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Safe Conduct: An Autobiography and Other Writings Paperback


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Product Details

  • Paperback: 256 pages
  • Publisher: New Directions (April 14, 2009)
  • Language: English
  • ISBN-10: 081120135X
  • ISBN-13: 978-0811201353
  • Product Dimensions: 8 x 5.2 x 0.7 inches
  • Shipping Weight: 9.6 ounces (View shipping rates and policies)
  • Average Customer Review: 4.0 out of 5 stars  See all reviews (4 customer reviews)
  • Amazon Best Sellers Rank: #1,145,367 in Books (See Top 100 in Books)

Editorial Reviews

About the Author

Boris Leonidovich Pasternak (February, 1890 — May, 1960) was a Nobel Prize-winning Soviet Russian poet and writer. In the West he is best known for the epic novel Doctor Zhivago, a tragedy, whose events span through the last period of Tsarist Russia and early days of Soviet Union. Pasternak was brought up in a highly cosmopolitan atmosphere, and visitors to his home included pianist and composer Sergei Rachmaninoff, poet Rainer Maria Rilke, and writer Leo Tolstoy.

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4 of 4 people found the following review helpful By C. Davison on April 29, 2011
Format: Paperback
I was surprised to see only 2 reviews for this book. It is a beautiful short read that may not be appreciated by people who are too literal or lacking in imagination. It is a small but rich impression of the shadow of Mr. Pasternak's life. It is not the life itself but something found in the wake and ripples that are created along the way. I certainly recommend this book for anyone interested in a creative view of the world (perhaps the reviewer Kara J Buller is not one of these). I have given portions of the book even to undergrad students and they have truly connected with it. The life of Mr. Pasternak is told through the lens of poetry and mixed into this are insightful musings on the creative process. The author's insights are not too far separated from Rilke's writings on creativity and art.

Take the following quote and if you find it engaging you will enjoy this short and enjoyable book. "And it is from this theme that art is born. It is more one-sided than people think. It cannot be directed at will where one wants like a telescope. Focussed on a reality which feeling has displaced, art is a record of this displacement. It copies from nature. How does nature get into this state of displacement? Details attain clarity, losing independence of meaning. Each detail can be replaced by another. Any one is precious. Any one chosen at random serves as evidence of the state which envelops the whole of transposed reality."
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5 of 7 people found the following review helpful By Luc REYNAERT on October 29, 2010
Format: Paperback
In this autobiographical essay B. Pasternak reveals his views on art, his failed careers, his life and loves as a student, his travels across Europe and the artistic and political scene in the USSR.
After studying music (under the baton of A. Scriabin) and philosophy (neo-Kantianism in Marburg), Boris Pasternak finally found his true vocation: literature.

His artistic faith
As superbly explained by his French translator, Michel Aucouturier, B. Pasternak's aesthetics are fundamentally influenced by Schopenhauer. Art, true lyricism, binds 'the world as representation' (the objects) to the 'world as will' (our perceptions). True art reveals unexpected features, new aspects of reality. Prose or poetry give a name to these new aspects for the first time and in a unique manner. In this way, art creates a new reality through the 'strength' (the feelings of the author) and through images. In other words, the lyrical principle is a principle of subversion. Art cannot be driven by political imperatives. The poet is always a rebel against the social order: the most enduring images are those of the iconoclast.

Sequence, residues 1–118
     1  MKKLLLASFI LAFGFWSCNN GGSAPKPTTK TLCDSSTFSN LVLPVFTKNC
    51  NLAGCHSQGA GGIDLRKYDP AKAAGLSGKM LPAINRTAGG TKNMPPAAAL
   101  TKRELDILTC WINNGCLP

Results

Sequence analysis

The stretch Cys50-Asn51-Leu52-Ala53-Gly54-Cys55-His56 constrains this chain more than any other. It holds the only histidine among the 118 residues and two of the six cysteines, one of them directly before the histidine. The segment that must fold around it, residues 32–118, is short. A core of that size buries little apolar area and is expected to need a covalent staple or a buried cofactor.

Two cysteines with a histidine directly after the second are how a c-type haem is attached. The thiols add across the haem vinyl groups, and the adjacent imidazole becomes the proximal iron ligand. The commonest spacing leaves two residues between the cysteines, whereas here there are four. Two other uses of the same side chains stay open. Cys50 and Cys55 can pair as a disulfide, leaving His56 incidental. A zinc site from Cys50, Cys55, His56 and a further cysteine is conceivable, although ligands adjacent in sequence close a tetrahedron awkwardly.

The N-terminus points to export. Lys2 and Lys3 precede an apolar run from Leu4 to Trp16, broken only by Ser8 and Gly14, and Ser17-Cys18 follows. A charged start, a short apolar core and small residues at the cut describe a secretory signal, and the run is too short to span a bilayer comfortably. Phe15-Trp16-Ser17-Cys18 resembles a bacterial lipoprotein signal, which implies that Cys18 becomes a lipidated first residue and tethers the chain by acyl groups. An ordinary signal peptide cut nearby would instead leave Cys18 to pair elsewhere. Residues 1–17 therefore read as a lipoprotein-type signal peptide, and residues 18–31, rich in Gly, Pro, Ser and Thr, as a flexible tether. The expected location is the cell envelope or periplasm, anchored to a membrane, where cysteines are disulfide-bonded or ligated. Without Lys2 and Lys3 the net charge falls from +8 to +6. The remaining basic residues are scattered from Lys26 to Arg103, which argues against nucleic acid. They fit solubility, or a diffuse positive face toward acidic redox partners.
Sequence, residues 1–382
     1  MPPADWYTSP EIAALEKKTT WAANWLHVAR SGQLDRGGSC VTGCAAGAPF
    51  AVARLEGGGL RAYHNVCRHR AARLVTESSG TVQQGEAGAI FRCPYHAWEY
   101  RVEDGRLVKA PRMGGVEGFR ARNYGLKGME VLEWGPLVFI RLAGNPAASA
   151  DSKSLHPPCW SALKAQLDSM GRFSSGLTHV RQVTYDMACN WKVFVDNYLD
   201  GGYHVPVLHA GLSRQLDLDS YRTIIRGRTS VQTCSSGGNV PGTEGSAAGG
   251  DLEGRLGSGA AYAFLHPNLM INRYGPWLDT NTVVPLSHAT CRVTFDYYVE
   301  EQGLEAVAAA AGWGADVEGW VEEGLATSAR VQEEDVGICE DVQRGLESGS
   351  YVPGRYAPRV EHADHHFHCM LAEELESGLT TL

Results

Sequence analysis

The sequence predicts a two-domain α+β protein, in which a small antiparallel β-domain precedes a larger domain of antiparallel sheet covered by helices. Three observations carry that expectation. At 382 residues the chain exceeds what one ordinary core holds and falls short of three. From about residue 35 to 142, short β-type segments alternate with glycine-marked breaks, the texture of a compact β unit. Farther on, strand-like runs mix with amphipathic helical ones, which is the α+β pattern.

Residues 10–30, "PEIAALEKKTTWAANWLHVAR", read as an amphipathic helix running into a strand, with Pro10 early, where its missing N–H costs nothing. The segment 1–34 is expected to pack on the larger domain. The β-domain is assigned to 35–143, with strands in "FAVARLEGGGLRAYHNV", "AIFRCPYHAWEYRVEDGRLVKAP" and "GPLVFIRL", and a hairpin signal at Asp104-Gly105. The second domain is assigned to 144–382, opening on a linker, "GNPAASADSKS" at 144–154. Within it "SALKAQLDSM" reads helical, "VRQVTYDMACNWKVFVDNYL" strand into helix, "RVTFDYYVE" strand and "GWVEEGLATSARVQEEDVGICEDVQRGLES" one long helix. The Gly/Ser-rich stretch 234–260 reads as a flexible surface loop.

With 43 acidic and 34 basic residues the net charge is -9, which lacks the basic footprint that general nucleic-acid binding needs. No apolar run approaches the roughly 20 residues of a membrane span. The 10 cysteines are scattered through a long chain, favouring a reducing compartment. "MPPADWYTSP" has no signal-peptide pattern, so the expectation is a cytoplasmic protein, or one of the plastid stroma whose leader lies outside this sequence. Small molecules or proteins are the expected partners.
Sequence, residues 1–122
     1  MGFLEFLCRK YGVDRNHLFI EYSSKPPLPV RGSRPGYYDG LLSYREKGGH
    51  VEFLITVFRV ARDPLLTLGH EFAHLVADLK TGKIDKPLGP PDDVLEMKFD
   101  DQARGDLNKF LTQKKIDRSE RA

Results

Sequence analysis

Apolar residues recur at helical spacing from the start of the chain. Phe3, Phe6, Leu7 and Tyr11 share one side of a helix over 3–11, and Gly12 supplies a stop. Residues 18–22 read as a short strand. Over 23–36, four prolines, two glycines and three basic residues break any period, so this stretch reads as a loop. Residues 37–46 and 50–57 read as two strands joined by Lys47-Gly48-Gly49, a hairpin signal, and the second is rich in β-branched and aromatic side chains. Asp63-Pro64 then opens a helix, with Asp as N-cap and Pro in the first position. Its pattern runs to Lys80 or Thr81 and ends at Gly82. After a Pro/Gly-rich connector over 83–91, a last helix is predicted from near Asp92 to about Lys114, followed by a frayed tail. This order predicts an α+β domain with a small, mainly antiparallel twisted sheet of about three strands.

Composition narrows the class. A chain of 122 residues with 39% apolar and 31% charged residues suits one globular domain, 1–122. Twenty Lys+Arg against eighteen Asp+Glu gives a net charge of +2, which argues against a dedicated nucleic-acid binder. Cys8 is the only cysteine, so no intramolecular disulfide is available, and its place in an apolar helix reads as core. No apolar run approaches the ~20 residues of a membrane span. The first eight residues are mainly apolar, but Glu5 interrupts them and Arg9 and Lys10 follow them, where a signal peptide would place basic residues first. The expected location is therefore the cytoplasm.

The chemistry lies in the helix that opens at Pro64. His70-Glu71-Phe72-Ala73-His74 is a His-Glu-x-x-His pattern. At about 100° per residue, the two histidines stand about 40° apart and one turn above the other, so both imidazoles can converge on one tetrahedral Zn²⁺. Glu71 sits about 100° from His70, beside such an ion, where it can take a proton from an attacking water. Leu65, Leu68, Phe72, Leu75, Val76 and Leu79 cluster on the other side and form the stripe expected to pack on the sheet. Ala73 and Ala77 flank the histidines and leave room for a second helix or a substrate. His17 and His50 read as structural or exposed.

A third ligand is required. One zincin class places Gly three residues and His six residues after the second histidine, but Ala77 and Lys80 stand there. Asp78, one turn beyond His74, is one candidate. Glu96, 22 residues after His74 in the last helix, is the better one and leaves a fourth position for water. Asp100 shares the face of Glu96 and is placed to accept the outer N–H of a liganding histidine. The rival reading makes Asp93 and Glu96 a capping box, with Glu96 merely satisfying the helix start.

Mayakovsky and the totalitarian State
Among the authors of the various Russian literary movements at the time, V. Mayakovsky was B. Pasternak's real hero. The suicide of the one `who had the novelty of the time in his blood', was a very serious blow for B. Pasternak and an unmistakable omen of things to come. (See the memoirs of D. Shostakovich for another view on Mayakovsky.)
During his travels across Europe, B. Pasternak was amazed by Venice, but he stumbles on its 'boca di leone'.
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By SH on March 4, 2014
Format: Paperback Verified Purchase
Pasternak writes turbidly but poetically. One can see the bottom of the glass but the water is milky. One must read slowly or some event or point will slip by the reader. His visualizations of people, places and things are unique, not only in sentence structure (which could be due to translation) but in the metaphors he uses to make the reader see or experience something. The chronology is often interupted with a philosophical aside or mental journey. He does not divulge his deepest thoughts but one can guess. It helps to have read prior books on Pasternak in order to make educated guesses about hinted details. Most unique autobiography I have read. Title multi-faceted with potential meanings.
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0 of 17 people found the following review helpful By Kara J Buller on July 23, 2010
Format: Paperback Verified Purchase
This was assigned to me in grad school in my "fiction as autobiography" class. It succeeded in making me angry for a week. I would write more but I don't want to spend any more time on this book.
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